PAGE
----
Maybe the birth of his son and winning the lottery was his epiphany. Maybe he saw this as his second chance at life.

      ThatScaryChick

      Okay, TSC, you have a point, but it sounds as if he turned away from "that life" because he was busted.  This is just one article and I really don't know anything about this man.  Sure, people do change.  I get that.  I was only saying he lived a life of crime for a long time, according to what I know.  (I'm surprised he didn't serve a longer sentence.)  The point is, I don't see why someone who does what any good person should have done in the first place, should get a pat on the back.  Maybe this is off-topic, since my post wasn't a comment on his lottery win, but the fact that people wrote it was such a nice story. Everyone has a right to play & win.   But if someone drinks and drives for years, despite all the warnings, and eventually kills a family on Christmas day, is he a great guy because he gets sober after he gets out of jail?  Does that bring comfort to the family he killed?  No.  And winning the lottery won't bring them back either.  Spiritually, we need to have compassion and forgiveness in our hearts.  However, we also need to look at the damage someone caused and ask for accountability.  Our society is always looking to make excuses for people.  "His father beat him, so that's why he's a serial killer."  Sorry, not good enough.  Everyone has a sad story, but they chose the life they lived.  When you become an adult, you get to a fork in the road and choose the path you wish to travel.  Young men & women are dying for our right to be free.  So I'd rather read about a winner who served his country than someone who ran a drug & gun operation.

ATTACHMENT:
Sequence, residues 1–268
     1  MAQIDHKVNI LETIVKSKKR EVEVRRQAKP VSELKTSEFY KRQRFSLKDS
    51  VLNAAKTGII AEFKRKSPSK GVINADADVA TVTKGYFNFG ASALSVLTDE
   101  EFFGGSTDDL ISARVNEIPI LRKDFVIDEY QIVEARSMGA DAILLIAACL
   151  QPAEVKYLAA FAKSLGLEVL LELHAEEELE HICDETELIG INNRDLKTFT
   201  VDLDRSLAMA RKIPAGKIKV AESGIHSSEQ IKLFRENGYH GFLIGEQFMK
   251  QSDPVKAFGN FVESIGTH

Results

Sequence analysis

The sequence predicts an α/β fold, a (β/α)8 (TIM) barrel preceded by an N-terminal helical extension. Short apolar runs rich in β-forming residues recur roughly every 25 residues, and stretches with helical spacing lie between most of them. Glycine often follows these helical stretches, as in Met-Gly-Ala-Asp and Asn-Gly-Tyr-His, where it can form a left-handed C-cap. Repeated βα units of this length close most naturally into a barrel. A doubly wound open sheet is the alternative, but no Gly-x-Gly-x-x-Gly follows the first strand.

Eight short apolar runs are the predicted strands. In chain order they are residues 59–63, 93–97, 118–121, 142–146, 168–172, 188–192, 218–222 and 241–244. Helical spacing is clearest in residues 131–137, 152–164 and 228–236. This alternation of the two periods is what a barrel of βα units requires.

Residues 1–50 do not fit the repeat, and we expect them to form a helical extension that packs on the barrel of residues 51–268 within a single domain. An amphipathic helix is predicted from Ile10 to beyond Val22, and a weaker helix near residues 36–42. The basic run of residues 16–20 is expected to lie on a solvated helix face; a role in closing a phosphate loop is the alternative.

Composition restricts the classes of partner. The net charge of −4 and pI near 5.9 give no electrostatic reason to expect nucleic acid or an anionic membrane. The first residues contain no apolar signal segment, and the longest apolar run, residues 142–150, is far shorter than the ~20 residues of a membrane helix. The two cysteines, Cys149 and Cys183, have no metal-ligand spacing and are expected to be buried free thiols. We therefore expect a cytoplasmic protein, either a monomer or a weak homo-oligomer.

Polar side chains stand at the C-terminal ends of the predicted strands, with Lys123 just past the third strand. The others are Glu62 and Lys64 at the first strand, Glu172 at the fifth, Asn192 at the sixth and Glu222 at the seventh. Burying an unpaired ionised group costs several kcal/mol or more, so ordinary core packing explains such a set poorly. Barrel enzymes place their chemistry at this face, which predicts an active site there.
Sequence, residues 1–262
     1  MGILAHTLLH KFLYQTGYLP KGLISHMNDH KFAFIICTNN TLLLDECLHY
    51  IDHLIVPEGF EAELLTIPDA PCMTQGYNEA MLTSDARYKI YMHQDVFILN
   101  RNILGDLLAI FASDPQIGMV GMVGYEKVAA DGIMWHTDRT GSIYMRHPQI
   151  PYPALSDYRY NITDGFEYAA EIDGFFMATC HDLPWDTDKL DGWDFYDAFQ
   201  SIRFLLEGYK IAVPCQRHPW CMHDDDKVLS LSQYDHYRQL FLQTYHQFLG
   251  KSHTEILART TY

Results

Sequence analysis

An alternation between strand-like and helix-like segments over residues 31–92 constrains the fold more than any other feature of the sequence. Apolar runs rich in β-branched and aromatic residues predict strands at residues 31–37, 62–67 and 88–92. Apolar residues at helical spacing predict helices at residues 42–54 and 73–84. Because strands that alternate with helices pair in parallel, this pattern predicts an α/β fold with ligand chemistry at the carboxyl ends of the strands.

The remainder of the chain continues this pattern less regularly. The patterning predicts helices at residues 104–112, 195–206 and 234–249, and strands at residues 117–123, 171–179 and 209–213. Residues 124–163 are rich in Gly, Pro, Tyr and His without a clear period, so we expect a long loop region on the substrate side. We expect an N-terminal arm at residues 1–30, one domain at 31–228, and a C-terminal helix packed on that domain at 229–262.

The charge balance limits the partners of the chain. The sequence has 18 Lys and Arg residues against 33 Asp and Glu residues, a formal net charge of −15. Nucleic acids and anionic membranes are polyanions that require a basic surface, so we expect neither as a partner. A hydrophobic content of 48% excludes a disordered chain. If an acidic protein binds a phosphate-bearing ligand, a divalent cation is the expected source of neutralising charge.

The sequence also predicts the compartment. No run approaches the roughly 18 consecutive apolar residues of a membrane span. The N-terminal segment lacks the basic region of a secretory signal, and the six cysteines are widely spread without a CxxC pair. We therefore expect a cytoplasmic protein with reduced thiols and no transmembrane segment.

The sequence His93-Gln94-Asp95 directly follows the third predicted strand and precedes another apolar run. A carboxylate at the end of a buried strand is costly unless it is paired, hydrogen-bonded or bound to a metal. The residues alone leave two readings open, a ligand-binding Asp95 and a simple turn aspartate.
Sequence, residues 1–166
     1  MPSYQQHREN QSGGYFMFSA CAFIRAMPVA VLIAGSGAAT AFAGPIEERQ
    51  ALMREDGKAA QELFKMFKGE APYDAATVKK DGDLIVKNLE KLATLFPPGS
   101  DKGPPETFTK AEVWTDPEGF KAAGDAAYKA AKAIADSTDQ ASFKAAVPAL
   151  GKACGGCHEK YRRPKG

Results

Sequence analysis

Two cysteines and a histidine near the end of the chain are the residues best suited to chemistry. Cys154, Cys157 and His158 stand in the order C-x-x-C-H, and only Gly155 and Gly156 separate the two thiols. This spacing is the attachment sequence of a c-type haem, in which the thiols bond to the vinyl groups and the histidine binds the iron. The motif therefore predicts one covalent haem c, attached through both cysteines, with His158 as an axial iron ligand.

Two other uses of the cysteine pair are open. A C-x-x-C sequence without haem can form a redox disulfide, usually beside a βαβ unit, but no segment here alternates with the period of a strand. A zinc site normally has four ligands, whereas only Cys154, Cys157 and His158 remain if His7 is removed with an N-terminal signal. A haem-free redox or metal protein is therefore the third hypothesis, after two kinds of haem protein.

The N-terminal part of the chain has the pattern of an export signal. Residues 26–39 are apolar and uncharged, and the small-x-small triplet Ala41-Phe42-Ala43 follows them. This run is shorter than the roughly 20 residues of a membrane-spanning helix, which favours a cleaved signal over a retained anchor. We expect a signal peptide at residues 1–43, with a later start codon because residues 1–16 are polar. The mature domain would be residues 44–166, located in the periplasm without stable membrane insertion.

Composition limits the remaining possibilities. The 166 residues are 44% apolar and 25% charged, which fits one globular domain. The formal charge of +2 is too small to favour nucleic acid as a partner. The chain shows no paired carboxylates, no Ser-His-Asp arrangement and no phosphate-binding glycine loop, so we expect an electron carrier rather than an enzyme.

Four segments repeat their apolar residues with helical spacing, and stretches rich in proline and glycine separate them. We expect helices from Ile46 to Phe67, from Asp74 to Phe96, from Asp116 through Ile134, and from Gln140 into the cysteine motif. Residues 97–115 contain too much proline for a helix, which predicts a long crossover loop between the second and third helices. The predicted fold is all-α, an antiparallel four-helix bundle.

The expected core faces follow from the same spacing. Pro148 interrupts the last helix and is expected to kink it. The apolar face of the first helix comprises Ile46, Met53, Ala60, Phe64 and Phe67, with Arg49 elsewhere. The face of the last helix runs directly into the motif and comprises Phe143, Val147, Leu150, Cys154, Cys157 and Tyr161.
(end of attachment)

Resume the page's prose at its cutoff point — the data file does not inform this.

Sorry, that's just me.  YMMV.  Peace!  Smiley

        Coin Toss's avatar - shape barbed.jpg
        100
        Zeta Reticuli Star System
        United States
        Member #30469
        January 17, 2006
        11528 Posts
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        Anyone see the irony here?

        Consider these two thread titles:

        Ex-con held on to his lotto winnings and started new life

        Lottery winner almost out of cash three years later

        Norman Vincent Peale often said character is not nmade so much by what happens to you in life as much as how you react to what happens to you in life.